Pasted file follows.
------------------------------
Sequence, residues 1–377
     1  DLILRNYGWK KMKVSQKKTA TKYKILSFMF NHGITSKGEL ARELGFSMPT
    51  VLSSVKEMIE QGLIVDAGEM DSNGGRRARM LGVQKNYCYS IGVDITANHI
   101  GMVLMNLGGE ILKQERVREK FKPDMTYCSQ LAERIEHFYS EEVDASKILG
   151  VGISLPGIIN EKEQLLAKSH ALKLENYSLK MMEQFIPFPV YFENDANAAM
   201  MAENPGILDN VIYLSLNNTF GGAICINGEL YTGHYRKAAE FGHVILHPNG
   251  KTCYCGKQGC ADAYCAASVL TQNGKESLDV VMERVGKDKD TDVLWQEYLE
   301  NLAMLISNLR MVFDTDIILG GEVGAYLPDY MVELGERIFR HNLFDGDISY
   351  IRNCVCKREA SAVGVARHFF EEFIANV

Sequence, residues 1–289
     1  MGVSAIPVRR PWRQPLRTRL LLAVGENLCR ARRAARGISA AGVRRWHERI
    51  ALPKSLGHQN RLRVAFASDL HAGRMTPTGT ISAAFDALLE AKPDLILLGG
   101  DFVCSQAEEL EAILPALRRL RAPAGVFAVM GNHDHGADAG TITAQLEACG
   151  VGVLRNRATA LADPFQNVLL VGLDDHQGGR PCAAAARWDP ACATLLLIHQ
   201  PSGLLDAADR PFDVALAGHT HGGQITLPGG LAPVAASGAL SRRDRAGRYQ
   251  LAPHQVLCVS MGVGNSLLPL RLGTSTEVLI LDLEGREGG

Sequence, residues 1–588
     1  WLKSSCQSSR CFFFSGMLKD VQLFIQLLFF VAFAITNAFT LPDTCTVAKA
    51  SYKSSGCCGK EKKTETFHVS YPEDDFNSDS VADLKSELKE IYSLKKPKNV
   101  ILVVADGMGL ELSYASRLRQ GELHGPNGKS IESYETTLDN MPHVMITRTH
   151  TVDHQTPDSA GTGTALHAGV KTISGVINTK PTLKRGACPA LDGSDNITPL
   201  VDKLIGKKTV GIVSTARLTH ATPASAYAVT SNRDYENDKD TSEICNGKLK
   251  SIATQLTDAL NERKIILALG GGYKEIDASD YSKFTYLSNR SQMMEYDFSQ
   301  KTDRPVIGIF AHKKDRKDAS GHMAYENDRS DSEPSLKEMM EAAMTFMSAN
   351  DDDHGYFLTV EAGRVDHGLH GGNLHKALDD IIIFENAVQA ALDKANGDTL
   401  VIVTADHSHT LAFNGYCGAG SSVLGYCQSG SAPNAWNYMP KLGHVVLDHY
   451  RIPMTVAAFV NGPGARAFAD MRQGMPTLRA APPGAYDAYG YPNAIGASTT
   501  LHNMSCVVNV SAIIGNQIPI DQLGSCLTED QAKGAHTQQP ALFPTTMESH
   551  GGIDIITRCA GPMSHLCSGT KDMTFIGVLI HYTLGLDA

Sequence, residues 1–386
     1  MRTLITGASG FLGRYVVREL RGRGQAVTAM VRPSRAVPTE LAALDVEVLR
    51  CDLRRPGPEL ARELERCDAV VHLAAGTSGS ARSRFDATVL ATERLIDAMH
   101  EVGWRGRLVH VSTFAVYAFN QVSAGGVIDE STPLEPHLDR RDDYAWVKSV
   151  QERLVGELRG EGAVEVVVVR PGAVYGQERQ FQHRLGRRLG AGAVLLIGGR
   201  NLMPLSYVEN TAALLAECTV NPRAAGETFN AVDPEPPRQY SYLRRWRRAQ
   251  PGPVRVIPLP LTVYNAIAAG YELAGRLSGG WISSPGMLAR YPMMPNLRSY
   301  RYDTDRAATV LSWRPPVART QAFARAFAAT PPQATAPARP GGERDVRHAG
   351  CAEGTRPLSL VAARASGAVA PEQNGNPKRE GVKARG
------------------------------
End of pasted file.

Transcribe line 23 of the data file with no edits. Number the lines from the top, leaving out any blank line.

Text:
   251  SIATQLTDAL NERKIILALG GGYKEIDASD YSKFTYLSNR SQMMEYDFSQ